The study’s senior author also found that men are more prone psychologically to adopt a “risky strategy” in their early pacing. “They start out fast and just hope they can hold on,” she says. She points out that strategy can sometimes pay off in a swifter finishing time. “It’s not necessarily a bad thing to push yourself at the start of a marathon,” she says, “if you have not catastrophically overestimated your capabilities. And Hunter notes, “An evenly paced race is not a well-paced one, if you run slower than you were capable of running.”

Reynolds, the Times blogger concludes, “The message of the study, then, would seem to be that an approach to marathon pacing that borrows something from men and women might be ideal. Maybe go a bit harder than you think you can in training, aiming to calibrate what your actual fastest sustainable pace is. Then stick with it during the event, even if your training partners tear away like rabbits at the start. You’ll reel them in.”

Unless there’s a large percentage of women with “gas in the tank” at the end of marathons, which I highly doubt, this conclusion strikes me as odd. As the study’s authors acknowledge in the larger post, evenly paced marathons are almost always faster than uneven ones; therefore, it’s logical to conclude that women marathoners, on average, are tapping more of their potential on race day relative to men.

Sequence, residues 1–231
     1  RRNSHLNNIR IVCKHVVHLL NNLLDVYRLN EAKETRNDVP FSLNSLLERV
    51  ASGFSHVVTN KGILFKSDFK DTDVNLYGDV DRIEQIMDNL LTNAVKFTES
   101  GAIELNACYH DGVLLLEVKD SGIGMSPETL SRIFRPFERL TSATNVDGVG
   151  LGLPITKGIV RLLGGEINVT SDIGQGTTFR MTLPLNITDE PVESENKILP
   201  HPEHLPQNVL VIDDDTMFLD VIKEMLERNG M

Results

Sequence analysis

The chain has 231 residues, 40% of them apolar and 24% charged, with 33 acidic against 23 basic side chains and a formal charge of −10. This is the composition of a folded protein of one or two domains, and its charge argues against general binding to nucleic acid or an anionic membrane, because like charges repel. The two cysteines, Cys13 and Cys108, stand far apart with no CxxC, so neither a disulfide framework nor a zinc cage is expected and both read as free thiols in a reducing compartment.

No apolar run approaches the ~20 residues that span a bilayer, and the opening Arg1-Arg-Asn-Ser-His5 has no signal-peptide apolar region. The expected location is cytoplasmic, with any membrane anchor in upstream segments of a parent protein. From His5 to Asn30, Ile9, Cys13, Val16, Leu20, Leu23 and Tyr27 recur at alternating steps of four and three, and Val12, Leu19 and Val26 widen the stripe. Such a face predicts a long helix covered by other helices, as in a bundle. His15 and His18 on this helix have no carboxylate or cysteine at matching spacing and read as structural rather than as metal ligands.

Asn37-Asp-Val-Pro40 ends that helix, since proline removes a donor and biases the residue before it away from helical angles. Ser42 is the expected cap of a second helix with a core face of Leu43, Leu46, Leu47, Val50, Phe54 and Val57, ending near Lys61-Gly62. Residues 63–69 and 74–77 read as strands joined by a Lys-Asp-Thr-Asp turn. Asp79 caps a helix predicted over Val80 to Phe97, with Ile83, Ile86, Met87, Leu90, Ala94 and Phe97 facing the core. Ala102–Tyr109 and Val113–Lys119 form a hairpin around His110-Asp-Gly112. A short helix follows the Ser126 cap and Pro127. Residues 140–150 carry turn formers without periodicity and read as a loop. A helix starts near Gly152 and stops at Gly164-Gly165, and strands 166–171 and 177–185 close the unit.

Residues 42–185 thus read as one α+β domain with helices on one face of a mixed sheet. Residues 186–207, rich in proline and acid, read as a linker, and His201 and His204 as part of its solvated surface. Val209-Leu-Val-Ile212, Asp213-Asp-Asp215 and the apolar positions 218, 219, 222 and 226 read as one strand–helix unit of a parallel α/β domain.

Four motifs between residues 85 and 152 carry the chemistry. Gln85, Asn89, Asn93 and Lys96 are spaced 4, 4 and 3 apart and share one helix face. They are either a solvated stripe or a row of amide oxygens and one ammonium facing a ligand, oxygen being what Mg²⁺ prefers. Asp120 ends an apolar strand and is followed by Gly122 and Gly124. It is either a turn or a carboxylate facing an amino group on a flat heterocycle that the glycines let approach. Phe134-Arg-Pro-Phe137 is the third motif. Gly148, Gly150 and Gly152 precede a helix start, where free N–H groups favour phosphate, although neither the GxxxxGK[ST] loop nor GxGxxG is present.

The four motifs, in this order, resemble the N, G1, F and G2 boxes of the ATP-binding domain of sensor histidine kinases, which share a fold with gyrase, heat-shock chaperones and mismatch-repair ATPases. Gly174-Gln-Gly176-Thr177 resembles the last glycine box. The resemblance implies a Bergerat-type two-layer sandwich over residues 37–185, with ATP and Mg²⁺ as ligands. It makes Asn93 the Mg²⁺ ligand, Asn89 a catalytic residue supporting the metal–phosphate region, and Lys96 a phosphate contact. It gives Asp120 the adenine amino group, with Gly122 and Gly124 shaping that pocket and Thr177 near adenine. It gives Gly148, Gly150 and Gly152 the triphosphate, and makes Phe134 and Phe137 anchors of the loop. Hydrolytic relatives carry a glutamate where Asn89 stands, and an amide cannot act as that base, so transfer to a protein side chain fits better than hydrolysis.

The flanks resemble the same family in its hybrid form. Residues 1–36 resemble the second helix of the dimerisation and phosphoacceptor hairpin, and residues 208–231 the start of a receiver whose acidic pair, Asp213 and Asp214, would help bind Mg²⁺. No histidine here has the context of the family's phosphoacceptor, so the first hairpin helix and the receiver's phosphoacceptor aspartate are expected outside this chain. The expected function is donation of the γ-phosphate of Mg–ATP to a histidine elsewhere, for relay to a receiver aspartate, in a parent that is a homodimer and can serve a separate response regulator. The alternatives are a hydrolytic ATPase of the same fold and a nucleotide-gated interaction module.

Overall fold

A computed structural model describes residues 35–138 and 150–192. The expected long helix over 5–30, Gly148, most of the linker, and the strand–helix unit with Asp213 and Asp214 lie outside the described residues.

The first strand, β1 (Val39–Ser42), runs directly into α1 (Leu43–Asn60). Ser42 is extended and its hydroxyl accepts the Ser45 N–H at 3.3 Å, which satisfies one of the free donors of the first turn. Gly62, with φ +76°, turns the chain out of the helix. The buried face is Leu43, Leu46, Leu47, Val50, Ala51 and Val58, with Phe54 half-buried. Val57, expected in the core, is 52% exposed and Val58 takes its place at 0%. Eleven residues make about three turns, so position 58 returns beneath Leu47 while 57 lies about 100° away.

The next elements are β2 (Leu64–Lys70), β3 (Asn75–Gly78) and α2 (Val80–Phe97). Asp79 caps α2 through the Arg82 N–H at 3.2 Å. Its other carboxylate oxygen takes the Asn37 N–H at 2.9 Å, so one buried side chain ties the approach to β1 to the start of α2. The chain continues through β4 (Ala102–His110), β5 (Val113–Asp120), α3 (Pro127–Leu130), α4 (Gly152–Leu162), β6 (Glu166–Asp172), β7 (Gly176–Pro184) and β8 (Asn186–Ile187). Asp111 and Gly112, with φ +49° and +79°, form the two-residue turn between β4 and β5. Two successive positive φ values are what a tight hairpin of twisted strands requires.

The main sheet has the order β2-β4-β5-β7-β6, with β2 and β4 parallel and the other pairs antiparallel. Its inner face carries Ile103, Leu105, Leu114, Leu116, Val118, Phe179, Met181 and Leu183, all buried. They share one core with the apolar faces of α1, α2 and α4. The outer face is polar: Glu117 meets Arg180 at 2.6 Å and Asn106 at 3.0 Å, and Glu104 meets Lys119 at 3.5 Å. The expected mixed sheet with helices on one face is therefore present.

And why are men running out of fuel and bonking earlier then women? It doesn’t matter that men “burn a greater percentage of carbohydrates for fuel” when every race provides ample fluid and carbs every few miles. Why don’t men do a better job replacing what they’re burning? Are women more intentional then men about integrating race simulation long runs in their training? Are men more prone to winging pacing and nutrition on race day?

Even if the study wasn’t designed to address why men are more prone to run too fast too early, I have a theory. I used to run with a friend who routinely sped up whenever we came upon a female runner or two on our wooded trails. He wasn’t conscious of this quirk. That experience, plus two decades of watching mostly male marathoners start out way too fast, makes me think male runners’ egos get the best of them.

When passed by older runners, heavy runners, really young runners, or heaven for bid, female runners, the self conscious male runner is prone to pick up his pace, with disastrous results an hour or two later.

Knowing this, I always strive to run my own race based upon the quality of my pre-race training. Consequently, when you pass me at a future race, I will wish you well.

Postscript—during today’s 5.5 miler, I realized my playlist needs some tweaking. Which of these doesn’t fit?

Bonus vid for making it to the finish line.

Britteny Griner—Lifesize

Like me, you’ll enjoy this sixteen minute documentary if you have any interest in Skittles, global labor markets, Chinese culture, cross cultural hurdles, and stories of personal growth.

Yao Ming, whose reverse experience closely paralleled Griner’s, would’ve been an ideal friend/cultural ambassador/mentor.